Astronomy Notes for Educators Our Solar System Astronomy Notes for Educators Our Solar System 5-1 5-2 Specific Outcomes: Learning Outcome 1: Knowledge / Content and it place in the Milky Way Different types of bodies make up the Solar

More information

The sun and planets. On this picture, the sizes of the sun and 8 planets are to scale. Their positions relative to each other are not to scale.

The sun and planets. On this picture, the sizes of the sun and 8 planets are to scale. Their positions relative to each other are not to scale. The solar system The solar system consists of our sun and its eight planets. The word solar means to do with the sun. The solar system formed 4½ billion years ago, when the universe was about two-thirds

More information

Science 9 Worksheet 13-1 The Solar System

Science 9 Worksheet 13-1 The Solar System Name Date Due Date Science 9 Read pages 264-287 of SP to help you answer the following questions: Also, go to a school computer connected to the internet. Go to Mr. Colgur s Webpage at http://sd67.bc.ca/teachers/dcolgur

More information

Study Guide due Friday, 1/29

Study Guide due Friday, 1/29 NAME: Astronomy Study Guide asteroid chromosphere comet corona ellipse Galilean moons VOCABULARY WORDS TO KNOW geocentric system meteor gravity meteorite greenhouse effect meteoroid heliocentric system

More information

1. Title: Relative Sizes and Distance in the Solar System: Introducing Powers of Ten

1. Title: Relative Sizes and Distance in the Solar System: Introducing Powers of Ten 1. Title: Relative Sizes and Distance in the Solar System: Introducing Powers of Ten Here we're going to learn how big the Sun is relative to the different types of planet in our Solar System and the huge

More information

Solar System Overview

Solar System Overview Solar System Overview Planets: Four inner planets, Terrestrial planets Four outer planets, Jovian planets Asteroids: Minor planets (planetesimals) Meteroids: Chucks of rocks (smaller than asteroids) (Mercury,

More information

Science Standard 4 Earth in Space Grade Level Expectations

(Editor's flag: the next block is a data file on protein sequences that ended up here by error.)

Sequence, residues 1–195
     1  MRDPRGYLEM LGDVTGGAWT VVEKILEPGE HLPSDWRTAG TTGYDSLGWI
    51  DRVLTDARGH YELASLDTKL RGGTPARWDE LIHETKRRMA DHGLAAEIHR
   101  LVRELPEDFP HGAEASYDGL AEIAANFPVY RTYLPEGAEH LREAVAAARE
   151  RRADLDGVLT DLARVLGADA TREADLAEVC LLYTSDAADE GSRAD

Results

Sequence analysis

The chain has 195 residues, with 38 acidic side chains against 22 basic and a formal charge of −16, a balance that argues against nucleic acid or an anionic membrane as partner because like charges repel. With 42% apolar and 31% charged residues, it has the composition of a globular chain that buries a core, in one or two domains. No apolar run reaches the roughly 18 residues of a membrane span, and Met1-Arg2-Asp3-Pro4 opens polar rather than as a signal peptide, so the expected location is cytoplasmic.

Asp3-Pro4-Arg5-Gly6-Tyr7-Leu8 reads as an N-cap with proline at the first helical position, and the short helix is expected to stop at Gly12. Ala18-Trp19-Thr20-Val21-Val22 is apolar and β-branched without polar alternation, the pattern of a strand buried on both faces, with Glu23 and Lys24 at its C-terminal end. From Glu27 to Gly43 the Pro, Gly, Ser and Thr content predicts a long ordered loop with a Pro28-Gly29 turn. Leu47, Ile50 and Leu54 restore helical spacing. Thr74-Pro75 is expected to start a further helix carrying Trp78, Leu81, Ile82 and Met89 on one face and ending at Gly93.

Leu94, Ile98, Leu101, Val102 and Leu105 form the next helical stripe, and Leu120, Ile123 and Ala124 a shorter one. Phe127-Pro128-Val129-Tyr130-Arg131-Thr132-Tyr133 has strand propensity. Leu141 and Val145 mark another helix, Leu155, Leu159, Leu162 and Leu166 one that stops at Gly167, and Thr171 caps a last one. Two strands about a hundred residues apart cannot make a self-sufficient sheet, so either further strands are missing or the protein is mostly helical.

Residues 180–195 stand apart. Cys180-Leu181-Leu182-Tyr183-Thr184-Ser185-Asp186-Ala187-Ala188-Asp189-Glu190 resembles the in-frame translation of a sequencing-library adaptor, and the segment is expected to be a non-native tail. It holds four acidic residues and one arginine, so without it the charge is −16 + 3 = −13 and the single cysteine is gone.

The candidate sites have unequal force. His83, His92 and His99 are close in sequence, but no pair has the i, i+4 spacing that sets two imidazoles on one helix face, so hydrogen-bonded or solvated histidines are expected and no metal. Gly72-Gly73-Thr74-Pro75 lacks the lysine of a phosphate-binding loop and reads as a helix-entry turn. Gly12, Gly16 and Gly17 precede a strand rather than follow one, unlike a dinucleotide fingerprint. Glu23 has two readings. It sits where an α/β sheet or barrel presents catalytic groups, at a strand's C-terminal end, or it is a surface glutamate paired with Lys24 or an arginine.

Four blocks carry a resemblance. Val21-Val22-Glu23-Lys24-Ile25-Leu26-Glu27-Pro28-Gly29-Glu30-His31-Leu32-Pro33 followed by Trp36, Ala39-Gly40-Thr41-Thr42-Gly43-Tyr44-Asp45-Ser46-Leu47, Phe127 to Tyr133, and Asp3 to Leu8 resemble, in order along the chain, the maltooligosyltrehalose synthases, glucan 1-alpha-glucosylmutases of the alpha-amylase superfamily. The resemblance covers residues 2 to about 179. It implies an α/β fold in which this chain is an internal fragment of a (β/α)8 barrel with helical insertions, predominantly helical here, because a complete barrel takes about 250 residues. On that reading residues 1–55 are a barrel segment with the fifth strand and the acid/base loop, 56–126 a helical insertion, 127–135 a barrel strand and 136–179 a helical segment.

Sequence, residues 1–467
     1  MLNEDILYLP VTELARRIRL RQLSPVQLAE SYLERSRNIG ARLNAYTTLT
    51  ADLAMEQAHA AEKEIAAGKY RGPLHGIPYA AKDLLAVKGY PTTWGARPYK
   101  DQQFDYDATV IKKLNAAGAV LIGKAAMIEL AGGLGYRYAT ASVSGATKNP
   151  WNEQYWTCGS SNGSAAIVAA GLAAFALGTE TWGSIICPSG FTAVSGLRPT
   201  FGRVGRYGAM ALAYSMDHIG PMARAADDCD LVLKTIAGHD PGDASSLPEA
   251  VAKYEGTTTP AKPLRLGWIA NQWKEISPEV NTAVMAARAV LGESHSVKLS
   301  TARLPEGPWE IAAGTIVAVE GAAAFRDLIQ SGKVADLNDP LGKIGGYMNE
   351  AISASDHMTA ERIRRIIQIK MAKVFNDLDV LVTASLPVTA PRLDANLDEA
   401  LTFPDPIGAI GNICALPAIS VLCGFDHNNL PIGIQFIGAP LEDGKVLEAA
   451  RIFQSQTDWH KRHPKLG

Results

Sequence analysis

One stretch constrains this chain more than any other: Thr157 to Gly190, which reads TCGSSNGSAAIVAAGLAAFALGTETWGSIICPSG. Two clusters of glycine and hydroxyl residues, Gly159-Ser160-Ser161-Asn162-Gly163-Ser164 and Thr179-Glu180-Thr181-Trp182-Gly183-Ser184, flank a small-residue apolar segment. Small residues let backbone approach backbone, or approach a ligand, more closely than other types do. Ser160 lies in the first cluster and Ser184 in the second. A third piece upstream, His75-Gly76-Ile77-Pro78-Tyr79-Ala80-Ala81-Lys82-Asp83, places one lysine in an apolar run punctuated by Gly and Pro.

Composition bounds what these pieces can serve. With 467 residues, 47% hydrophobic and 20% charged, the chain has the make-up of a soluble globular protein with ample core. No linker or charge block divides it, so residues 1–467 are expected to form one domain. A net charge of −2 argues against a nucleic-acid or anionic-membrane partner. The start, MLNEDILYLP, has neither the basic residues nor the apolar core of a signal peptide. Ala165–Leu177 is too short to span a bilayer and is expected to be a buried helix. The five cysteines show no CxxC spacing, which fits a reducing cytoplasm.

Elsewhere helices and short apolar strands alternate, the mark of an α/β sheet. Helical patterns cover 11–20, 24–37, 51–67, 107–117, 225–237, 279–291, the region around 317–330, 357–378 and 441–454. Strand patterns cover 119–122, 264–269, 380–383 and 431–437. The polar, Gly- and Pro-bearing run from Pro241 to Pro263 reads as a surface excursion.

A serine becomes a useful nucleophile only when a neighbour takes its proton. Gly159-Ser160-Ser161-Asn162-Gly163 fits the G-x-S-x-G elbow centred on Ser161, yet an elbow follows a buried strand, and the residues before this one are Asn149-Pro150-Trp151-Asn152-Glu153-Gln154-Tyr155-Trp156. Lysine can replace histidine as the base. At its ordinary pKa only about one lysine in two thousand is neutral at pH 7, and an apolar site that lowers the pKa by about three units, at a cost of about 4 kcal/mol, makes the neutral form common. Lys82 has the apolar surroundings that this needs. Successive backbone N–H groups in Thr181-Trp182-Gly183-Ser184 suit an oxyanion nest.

Science Standard 4 Earth in Space Grade Level Expectations Science Standard 4 Earth in Space Grade Level Expectations Science Standard 4 Earth in Space Our Solar System is a collection of gravitationally interacting bodies that include Earth and the Moon. Universal

More information

1 A Solar System Is Born

1 A Solar System Is Born CHAPTER 3 1 A Solar System Is Born SECTION Formation of the Solar System BEFORE YOU READ After you read this section, you should be able to answer these questions: What is a nebula? How did our solar system

More information

DESCRIPTION ACADEMIC STANDARDS INSTRUCTIONAL GOALS VOCABULARY BEFORE SHOWING. Subject Area: Science

DESCRIPTION ACADEMIC STANDARDS INSTRUCTIONAL GOALS VOCABULARY BEFORE SHOWING. Subject Area: Science DESCRIPTION Host Tom Selleck conducts a stellar tour of Jupiter, Saturn, Uranus, Neptune, and Pluto--the outer planets of Earth's solar system. Information from the Voyager space probes plus computer models

More information

A.4 The Solar System Scale Model

A.4 The Solar System Scale Model CHAPTER A. LABORATORY EXPERIMENTS 25 Name: Section: Date: A.4 The Solar System Scale Model I. Introduction Our solar system is inhabited by a variety of objects, ranging from a small rocky asteroid only

More information

Solar System Fundamentals. What is a Planet? Planetary orbits Planetary temperatures Planetary Atmospheres Origin of the Solar System